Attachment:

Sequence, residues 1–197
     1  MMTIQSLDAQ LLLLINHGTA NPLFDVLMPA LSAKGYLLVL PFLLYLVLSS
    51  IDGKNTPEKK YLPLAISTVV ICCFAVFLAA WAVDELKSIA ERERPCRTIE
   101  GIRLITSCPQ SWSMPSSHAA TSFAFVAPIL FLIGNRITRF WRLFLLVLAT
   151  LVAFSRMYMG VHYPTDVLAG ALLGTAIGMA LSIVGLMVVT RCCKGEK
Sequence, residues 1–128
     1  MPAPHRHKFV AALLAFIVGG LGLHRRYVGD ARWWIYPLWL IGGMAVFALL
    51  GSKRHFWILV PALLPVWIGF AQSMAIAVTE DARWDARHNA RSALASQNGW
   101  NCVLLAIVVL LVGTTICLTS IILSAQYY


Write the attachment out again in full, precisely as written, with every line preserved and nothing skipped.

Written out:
Sequence, residues 1–197
     1  MMTIQSLDAQ LLLLINHGTA NPLFDVLMPA LSAKGYLLVL PFLLYLVLSS
    51  IDGKNTPEKK YLPLAISTVV ICCFAVFLAA WAVDELKSIA ERERPCRTIE
   101  GIRLITSCPQ SWSMPSSHAA TSFAFVAPIL FLIGNRITRF WRLFLLVLAT
   151  LVAFSRMYMG VHYPTDVLAG ALLGTAIGMA LSIVGLMVVT RCCKGEK
Sequence, residues 1–128
     1  MPAPHRHKFV AALLAFIVGG LGLHRRYVGD ARWWIYPLWL IGGMAVFALL
    51  GSKRHFWILV PALLPVWIGF AQSMAIAVTE DARWDARHNA RSALASQNGW
   101  NCVLLAIVVL LVGTTICLTS IILSAQYY